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April 13, 2007

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Michelle,

This is pretty funny - I'm working up something similar for some upcoming training workshops I'm giving later this spring.

However, it's a lot of tackle, so I'm developing it in chunks. Right now I'm focusing tagging and social bookmarking and have a few discovery activities - which will be implemented online/webinar - because that the delivery mechanism for the instruction.

I'm also doing a session with individual artists/filmmakers on web2.0 and using the ten steps piece - but remixing a game a la David's approach - but this is more like personal learning game or personal first steps towards web 2.0.

I like were you are going with your thinking and plan Michelle. I am soon launching a blog and a wiki to a small group of practitioners working within a community of practice approach. These are educators, youth workers, crisis workers, mental health workers who work with youth experiencing poverty and or homelessness (also at risk of}. I have many of the similar resources stored in various locations (my blog, in-house wiki etc) but your organizing effort with accompanying "step by step " process will be a great help to me as I introduce these tools. Many of the practitioners are new to using ICT and are quite leery of diving into this world.

I think if you get the "ball rolling" through your plan, others with similar interest especially, from the non profit world will engage and hopefully contribute in some way. My one suggestion is to have have a best practice category, pulling together (showing) what NGO's and non profits are doing to engage their constituents with web 2.0 tools, would be great.

I will keep tracking your progress and contribute where I can, especially with my learning from applying these tools in our learning community (community of practice).

I really enjoy your Bamboo Blog!

Brent MacKinnon

Thanks for the feedback, Beth and Brent.

Brent, for the best practice stuff, you may want to check out my Web 2.0 in Nonprofits site (see link in right sidebar), which has some examples, although I need more.

Also, for both of you, from the list of topics I included, I'd be curious to know if you think that there are particular areas to cover first or where you think people would want to start.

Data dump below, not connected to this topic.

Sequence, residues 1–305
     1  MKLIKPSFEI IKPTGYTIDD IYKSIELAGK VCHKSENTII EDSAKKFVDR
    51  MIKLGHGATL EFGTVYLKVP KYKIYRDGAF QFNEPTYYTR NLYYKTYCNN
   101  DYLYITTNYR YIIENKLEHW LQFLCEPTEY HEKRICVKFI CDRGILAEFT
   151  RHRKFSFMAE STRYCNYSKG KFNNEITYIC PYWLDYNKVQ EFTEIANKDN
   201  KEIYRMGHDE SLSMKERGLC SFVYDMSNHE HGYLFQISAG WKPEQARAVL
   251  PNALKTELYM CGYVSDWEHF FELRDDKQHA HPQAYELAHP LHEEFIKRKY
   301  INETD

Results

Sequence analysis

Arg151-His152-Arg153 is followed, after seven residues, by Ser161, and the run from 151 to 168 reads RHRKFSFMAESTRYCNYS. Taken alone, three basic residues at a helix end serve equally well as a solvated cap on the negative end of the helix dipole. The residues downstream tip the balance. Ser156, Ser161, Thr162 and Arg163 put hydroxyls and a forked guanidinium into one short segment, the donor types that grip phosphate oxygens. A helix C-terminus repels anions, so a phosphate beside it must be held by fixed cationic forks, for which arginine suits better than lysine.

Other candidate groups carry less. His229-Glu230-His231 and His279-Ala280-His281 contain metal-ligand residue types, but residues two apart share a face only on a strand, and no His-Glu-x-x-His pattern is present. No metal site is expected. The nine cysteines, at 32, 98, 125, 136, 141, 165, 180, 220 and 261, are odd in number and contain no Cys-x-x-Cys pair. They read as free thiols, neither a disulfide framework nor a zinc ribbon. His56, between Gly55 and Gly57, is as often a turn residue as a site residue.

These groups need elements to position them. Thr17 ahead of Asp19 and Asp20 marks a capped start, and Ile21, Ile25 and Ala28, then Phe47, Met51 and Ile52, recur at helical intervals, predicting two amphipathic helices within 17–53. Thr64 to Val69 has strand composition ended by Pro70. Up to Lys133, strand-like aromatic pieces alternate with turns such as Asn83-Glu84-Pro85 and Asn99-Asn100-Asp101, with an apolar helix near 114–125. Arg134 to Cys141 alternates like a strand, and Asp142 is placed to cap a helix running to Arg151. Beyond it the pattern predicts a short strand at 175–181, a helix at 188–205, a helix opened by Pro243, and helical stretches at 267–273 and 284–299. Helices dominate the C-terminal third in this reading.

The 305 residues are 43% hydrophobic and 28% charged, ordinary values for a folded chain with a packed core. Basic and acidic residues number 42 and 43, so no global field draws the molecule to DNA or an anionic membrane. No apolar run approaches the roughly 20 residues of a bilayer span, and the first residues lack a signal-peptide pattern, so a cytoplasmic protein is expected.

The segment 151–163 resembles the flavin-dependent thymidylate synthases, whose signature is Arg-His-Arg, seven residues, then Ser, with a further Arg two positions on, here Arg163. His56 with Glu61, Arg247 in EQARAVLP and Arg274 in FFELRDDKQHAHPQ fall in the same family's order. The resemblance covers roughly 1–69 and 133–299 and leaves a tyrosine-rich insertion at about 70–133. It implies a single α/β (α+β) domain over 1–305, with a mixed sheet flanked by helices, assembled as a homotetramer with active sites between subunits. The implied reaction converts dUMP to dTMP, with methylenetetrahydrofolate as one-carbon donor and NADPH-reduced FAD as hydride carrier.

Great idea Michele ... happy to help with anything from the socialmedia wiki work

I agree - this is a great idea.

As much as hands-on, step-by-step instruction on how to use these tools, I'd want examples of how nonprofits and government agencies have put these tools to work. Sometimes people need to see how their peers have done it in order to imagine that it can be done. Best practices - or even worst experiences (how we learned what NOT to do) - would be great. I'll definitely be checking out the places you've mentioned above for examples.

In the nonprofit world I seem to see Web 2.0 tools used a lot for advocacy, communication & fundraising. I'm not finding many examples of nonprofits (or gov't agencies) using them to provide direct services to clients, to enhance peer learning among program participants, or for program evaluation. Am I missing something, or is this the reality?

In my experience, the main bedrock of "learning 2.0" is not so much the technical know-how of how to use each of the tools, but an attitude toward technology/internet that provides the user with an understanding of *why* they should use those tools. I think a unit in the program that provided a basis like that would be crucial for the following tool tutorials to "stick" and be relevant to the user.

I realise that this is learning *2.0* specifically, but in the nonprofit area I'm working in, so many groups don't even see the value of having a presence online at all, let alone be at a point where they can consider what social media tools to use! I almost feel like a 101 on how information and communication occurs (and is important) online is necessary, too. (I come to this conclusion after having a look at the 23 steps - and the list above - and thinking about how the organisations I deal with would react to it as it is - mostly with befuddlement as to why I was showing it to them, I think.)

I've had thoughts on this kind of thing percolating for a few days, and this post of yours has helped me get my mind into order. So, thanks!

Bronwyn, I agree with you that there seems to be very little going on in terms of using Web 2.0 for services, staff training or evaluation. In fact, I posted about that a few weeks ago as part of my thinking around abundance. I find it really frustrating, actually, that we're looking at these tools to raise money, but not to improve the quality of services or staff training. That's actually what interests me more and I find myself writing and thinking about that much more frequently. Any ideas you have on this are most welcome.

Emily--you make a good point here about the need to convey the importance of an online presence and web 1.0. I just did a post on how nonprofits can get online very easily, but it sounds like you think that at least for some nonprofits, a better case needs to be made for that. Do you have any suggestions for what kinds of arguments might move people? I know that part of what we'd need to say is that more people are turning first to the Internet. But I wonder what else is important here.

Emily - you've hit it right on. Nonprofit staff hear us talking about online tools, and what they hear is "more work." Their reaction so often is, "This is complicated, I don't have time to learn it or use it, and really it doesn't help me help my clients/ customers/ program participants."

We need to help them understand *why* this stuff is useful, and *how* it can support their day-to-day work - maybe even help them get their jobs done more effectively and efficiently.

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